Corpus Christi is Granada’s biggest fair. It starts every year on a Saturday, at midnight, with the alumbrao, when thousands of lights are turned on the main entrance to the fairgrounds. The fair ends on the following Saturday with a fireworks display.
The Corpus Christi fair was held for the first time by royal decree, more than five hundred years ago. It is one of the city’s most cheerful traditions. Throughout its history the fair has given the people of Granada a break in their everyday lives, for spending a few days of good, healthy fun together.
The tang of the Corpus fair hangs in the air and the people of Granada get all dressed up to enjoy a full range of cultural activities and bullfights. They also love the exhilarating fairground attractions and meeting with friends in gaily decorated casetas (privately owned marquees which are temporarily built on the fairground).
The fair generally takes place in June but it is a moveable event that depends on when Easter is due. To calculate when Corpus Christi starts, count 60 days from Easter Monday, which is the day after Easter Sunday, and the result is Corpus Christi Thursday, the "big day" of the week.
The atmosphere of the fair can be enjoyed both day and night. There is a flamenco ambience and elegant carriages loaded with people dressed in typical regional costumes parading up and down the aisles between casetas, carefully decorated down to the smallest detail.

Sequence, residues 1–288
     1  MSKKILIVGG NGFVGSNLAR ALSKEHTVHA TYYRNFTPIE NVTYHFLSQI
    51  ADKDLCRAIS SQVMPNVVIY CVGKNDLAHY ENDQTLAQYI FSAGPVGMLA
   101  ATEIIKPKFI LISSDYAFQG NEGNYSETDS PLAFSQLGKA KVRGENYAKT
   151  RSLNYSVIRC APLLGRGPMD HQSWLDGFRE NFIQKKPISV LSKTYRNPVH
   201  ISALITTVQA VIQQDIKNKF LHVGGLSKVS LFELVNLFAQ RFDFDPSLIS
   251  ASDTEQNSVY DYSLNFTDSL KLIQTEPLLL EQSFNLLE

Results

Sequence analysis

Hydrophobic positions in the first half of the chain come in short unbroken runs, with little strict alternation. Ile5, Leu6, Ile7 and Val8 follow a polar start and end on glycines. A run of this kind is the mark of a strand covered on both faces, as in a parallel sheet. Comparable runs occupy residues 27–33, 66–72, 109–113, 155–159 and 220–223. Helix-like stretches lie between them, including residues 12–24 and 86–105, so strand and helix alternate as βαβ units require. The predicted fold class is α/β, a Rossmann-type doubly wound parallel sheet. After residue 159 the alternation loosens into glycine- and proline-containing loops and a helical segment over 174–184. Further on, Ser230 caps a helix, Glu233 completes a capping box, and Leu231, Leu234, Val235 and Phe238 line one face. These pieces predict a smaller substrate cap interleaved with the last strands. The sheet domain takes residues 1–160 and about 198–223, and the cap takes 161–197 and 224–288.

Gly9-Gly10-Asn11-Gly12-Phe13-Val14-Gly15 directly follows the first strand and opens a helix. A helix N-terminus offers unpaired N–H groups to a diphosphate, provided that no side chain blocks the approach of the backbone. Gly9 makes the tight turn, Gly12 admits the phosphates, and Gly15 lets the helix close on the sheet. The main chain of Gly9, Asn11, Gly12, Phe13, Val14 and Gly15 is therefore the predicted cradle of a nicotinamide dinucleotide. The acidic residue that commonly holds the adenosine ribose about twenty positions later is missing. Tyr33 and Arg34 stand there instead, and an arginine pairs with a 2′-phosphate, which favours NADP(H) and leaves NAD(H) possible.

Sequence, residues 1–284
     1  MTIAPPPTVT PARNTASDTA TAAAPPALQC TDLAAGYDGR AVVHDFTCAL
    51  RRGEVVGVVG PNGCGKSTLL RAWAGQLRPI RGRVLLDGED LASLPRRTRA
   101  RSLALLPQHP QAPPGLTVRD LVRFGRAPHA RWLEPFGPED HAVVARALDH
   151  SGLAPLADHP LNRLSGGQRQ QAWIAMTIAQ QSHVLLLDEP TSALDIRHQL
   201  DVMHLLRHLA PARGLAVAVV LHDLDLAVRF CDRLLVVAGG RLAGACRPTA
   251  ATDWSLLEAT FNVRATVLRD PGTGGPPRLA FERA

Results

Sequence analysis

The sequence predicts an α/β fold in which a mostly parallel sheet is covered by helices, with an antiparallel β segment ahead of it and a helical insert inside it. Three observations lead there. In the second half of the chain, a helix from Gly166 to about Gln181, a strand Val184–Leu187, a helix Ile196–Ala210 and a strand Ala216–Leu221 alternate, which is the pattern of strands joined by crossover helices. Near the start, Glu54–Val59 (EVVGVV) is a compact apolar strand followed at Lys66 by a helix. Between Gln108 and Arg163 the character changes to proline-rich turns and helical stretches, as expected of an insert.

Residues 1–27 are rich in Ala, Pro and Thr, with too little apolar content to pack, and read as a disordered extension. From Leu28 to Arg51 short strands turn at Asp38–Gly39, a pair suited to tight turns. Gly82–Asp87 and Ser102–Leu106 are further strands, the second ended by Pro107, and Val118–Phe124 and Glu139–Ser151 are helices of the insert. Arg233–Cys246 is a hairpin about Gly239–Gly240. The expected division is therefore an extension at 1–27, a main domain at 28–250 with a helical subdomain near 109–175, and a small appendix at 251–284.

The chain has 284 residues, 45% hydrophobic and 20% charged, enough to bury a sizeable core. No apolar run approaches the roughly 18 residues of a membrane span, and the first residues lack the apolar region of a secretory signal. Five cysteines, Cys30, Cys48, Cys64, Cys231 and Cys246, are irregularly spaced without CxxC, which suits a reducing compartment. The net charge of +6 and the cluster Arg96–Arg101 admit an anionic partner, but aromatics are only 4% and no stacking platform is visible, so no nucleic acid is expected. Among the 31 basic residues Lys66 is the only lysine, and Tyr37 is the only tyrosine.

Unlike other ferias, the Granada fair boasts public casetas interspersed among the private ones, so visitors can have free access to them.
Two processions take place in the city streets during the week-long event:
On the Wednesday of each year, the Tarasca, a mannequin dressed in the costume that will be in fashion the coming season, is paraded throughout the city. She is mounted on a fierce dragon who cowers at her feet. The best-kept secret in Granada is the costume the Tarasca will wear that day, only revealed when she makes her appearance. It could be said that the Tarasca is the pagan counterpoint to the religious festival.
Granada's grand festival is organised around Thursday, when the Corpus Christi leaves the Cathedral. The streets are jam-packed with thousands of citizens who come to contemplate the procession of the Blessed Sacrament.
A small procession known as the Octave of the Corpus marches in the vicinity of the Cathedral on the Sunday after the Corpus Christi festival.
Enjoy the Fair! Download the dance known as La Reja, courtesy of the Provincial Association of Choirs and Dances of Granada.